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Measuring Santa Cruz’s Mood on Affordable Housing Bond

A property tax measure could go before voters in November

A new housing development will bring low-income units to Water Street. A possible bond measure would fund other projects.

As rents go sky high, experts from around the county are looking to strengthen the foundations of the local housing market and make living here more affordable.

The newly launched Affordable Housing Santa Cruz County (AFSCC) campaign announced yesterday that they will be exploring public opinion on a possible $250 million bond measure for the November ballot.

AFSCC will hold five public meetings, one in each Santa Cruz County supervisorial district, to get community feedback. The tax would show up on the bill of Santa Cruz County property owners, although organizers haven’t yet determined what the rate will be.

“We are here today, and we are going to continue our work in the months to come, because there is a housing crisis in Santa Cruz, and it’s time to make a big move and find real solutions,” former Santa Cruz mayor Don Lane told a crowd of more than two dozen gathered in front of the Santa Cruz Courthouse for the announcement.

Lane said that housing costs exceed 50 percent of household income for more than a fifth of county residents, acknowledging that rates are much higher in some neighborhoods. A report out last month from Apartment List found that the cost of housing has risen 4 percent in the last year, with the average two-bedroom apartment going for $2,420.

Lane says the new measure would fund housing, particularly for lower-income renters—service and farm workers, teachers, veterans, the homeless and those with disabilities. “Families are being forced to spend less on basic necessities like food and health care simply because they spend so much on housing,” he added.

Community Foundation Santa Cruz County CEO Susan True and Watsonville Councilmember Rebecca Garcia both presented and voiced their support for the potential measure.

If it passes, the measure will prioritize four major areas: affordable housing, first-time home buyers’ assistance, facilities to address homelessness and the preservation of existing affordable housing sites.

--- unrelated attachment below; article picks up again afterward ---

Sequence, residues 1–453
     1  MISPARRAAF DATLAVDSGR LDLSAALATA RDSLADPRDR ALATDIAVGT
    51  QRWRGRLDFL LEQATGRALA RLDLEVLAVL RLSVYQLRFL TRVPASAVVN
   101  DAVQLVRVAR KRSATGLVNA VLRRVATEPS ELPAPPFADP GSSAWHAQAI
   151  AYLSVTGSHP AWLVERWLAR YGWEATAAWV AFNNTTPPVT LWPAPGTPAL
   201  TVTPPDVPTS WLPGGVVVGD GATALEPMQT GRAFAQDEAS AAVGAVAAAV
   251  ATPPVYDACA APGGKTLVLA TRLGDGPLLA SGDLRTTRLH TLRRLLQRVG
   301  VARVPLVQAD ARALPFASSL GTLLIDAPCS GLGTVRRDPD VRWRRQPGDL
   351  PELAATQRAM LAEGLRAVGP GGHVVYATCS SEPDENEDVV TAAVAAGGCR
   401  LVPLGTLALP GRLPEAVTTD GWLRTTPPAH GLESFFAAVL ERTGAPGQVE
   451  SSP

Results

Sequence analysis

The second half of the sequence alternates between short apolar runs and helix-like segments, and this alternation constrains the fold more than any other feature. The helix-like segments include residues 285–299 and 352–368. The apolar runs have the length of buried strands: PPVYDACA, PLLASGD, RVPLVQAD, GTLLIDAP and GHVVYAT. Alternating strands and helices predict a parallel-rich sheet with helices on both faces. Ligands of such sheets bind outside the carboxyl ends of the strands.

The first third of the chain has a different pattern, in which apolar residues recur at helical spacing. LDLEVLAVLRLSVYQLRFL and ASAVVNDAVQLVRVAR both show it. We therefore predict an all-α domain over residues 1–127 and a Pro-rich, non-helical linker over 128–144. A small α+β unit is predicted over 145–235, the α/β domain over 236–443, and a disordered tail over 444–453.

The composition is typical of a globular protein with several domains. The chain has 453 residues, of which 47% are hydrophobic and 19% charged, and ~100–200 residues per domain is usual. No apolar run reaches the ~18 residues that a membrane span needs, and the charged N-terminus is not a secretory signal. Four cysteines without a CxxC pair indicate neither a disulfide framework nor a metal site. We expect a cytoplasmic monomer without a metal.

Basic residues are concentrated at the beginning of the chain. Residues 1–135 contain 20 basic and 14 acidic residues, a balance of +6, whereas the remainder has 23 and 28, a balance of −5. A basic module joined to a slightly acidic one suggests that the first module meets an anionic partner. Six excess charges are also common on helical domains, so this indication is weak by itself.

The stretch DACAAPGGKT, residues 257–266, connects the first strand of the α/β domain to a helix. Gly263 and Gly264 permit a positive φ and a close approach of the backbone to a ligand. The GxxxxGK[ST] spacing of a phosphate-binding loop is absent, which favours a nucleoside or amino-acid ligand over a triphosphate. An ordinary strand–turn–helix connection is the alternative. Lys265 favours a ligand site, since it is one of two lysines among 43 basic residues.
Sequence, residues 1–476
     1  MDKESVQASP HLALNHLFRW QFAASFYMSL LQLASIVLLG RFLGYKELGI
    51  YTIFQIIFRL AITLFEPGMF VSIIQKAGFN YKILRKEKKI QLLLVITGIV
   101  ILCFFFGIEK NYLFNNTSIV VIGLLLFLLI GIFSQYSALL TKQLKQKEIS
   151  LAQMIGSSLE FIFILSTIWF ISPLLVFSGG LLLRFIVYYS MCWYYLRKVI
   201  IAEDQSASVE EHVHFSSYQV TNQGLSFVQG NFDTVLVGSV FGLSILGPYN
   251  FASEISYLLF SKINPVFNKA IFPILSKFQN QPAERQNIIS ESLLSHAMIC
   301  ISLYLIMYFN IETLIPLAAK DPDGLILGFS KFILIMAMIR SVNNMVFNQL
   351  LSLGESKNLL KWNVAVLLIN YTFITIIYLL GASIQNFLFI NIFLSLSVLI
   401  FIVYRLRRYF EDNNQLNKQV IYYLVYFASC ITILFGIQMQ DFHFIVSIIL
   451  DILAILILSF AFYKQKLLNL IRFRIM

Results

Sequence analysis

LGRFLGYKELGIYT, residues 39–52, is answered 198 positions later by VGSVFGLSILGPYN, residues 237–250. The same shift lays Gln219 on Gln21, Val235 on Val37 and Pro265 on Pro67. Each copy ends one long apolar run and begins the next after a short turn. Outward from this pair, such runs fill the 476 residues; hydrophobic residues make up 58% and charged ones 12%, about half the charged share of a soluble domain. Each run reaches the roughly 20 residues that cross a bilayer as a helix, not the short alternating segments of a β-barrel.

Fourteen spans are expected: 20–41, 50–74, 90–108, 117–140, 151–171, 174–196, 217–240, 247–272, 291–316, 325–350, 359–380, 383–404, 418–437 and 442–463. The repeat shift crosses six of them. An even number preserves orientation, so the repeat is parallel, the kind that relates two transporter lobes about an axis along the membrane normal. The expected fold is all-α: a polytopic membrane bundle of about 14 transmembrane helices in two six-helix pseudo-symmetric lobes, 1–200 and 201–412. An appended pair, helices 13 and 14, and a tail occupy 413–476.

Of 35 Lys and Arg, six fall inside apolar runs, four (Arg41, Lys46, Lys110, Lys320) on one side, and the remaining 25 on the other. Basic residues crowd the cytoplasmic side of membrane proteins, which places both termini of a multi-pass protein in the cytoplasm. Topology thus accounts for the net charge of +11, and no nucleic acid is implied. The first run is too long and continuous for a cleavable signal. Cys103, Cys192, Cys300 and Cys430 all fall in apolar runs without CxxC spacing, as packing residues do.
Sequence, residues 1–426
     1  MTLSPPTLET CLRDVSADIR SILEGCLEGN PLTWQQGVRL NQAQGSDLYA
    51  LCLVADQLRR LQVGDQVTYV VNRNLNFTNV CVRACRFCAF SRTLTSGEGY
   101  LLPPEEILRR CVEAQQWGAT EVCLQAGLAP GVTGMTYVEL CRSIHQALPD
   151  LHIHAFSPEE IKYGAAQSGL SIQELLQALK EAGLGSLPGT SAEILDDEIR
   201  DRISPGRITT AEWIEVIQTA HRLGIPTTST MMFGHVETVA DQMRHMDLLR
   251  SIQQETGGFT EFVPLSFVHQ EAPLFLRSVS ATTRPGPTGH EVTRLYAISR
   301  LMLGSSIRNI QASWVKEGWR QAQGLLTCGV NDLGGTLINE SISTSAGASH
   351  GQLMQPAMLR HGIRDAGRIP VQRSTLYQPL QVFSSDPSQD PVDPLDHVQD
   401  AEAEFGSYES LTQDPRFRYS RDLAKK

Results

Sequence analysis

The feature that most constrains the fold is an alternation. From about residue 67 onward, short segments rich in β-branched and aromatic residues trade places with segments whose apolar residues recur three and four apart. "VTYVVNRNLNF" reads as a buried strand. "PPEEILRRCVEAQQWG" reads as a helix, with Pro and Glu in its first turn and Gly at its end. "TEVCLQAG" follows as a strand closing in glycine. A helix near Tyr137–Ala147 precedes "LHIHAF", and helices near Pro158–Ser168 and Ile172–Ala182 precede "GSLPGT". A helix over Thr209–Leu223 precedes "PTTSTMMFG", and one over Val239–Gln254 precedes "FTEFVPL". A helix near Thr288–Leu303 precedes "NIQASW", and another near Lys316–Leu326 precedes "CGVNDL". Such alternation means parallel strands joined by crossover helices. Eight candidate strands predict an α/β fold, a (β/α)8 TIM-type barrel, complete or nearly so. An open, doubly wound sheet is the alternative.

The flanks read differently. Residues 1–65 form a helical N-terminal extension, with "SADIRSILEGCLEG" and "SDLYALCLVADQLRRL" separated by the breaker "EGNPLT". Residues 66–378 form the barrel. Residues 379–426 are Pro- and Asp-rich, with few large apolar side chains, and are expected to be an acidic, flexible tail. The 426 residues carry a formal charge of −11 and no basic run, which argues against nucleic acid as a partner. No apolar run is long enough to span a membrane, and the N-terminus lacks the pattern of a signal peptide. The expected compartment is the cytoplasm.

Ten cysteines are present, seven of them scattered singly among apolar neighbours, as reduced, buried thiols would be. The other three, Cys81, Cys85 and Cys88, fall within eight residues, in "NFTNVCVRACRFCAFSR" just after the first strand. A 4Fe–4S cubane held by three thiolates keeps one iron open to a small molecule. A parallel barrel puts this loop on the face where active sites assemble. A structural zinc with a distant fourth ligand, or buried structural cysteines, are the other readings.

But before it can get on the ballot, the bond measure will appear before the Board of Supervisors in June, where it would need support from four out of five supervisors to pass. After that, it would need a two-thirds majority from county voters—hence the need for a broad base of support with the community.

“Most important, today we are proposing that people from Santa Cruz County participate with us in refining and changing the details of this proposal,” Lane says. “We want and need more community input and participation so that we get it just right.”

 

For more information, visit affordablehousingscc.org. The dates for the public meetings will be:

5:30-7 p.m. Wednesday, April 11. Twin Lakes Church, 2701 Cabrillo College Drive, Aptos.

7-8:30 p.m.Tuesday, April 17. Simpkins Family Swim Center, 979 17 Ave., Santa Cruz.

5:30-7 p.m. Thursday, April 19. Watsonville Civic Plaza Community Room, 275 Main St., Fourth Floor, Watsonville.

5:30-7 p.m. Thursday, April 26, Santa Cruz Police Community Room, 155 Center St., Santa Cruz.

5:30-7 p.m. Wednesday, May 2. Felton Community Hall. 6191 Hwy 9. Felton.

1 Comment

1 Comment

  1. Gunter

    April 6, 2018 at 6:35 pm

    Yeah that’s great. increase property taxes which will make old time owners sell, transplant yuppies buy up and re-rent at insane prices, and exacerbate the ills that this purported to solve. What these jerks don’t realize is that you have to get the politicians, planning directors (yes, santa cruz boy wonder lee butler included) and even windbag commentators like mark primack (mr. private sector architect) to urge non-profit affordable housing development prioritizing existing structural retrofits and then increased percentages of guaranteed onsite affordable housing construction so that these new developments don’t just create expensive condos for silicon valley commuters and continue to give lower- and moderate-income locals the shaft. These jerks who are always about upping taxes don’t realize the monster that they unleash.

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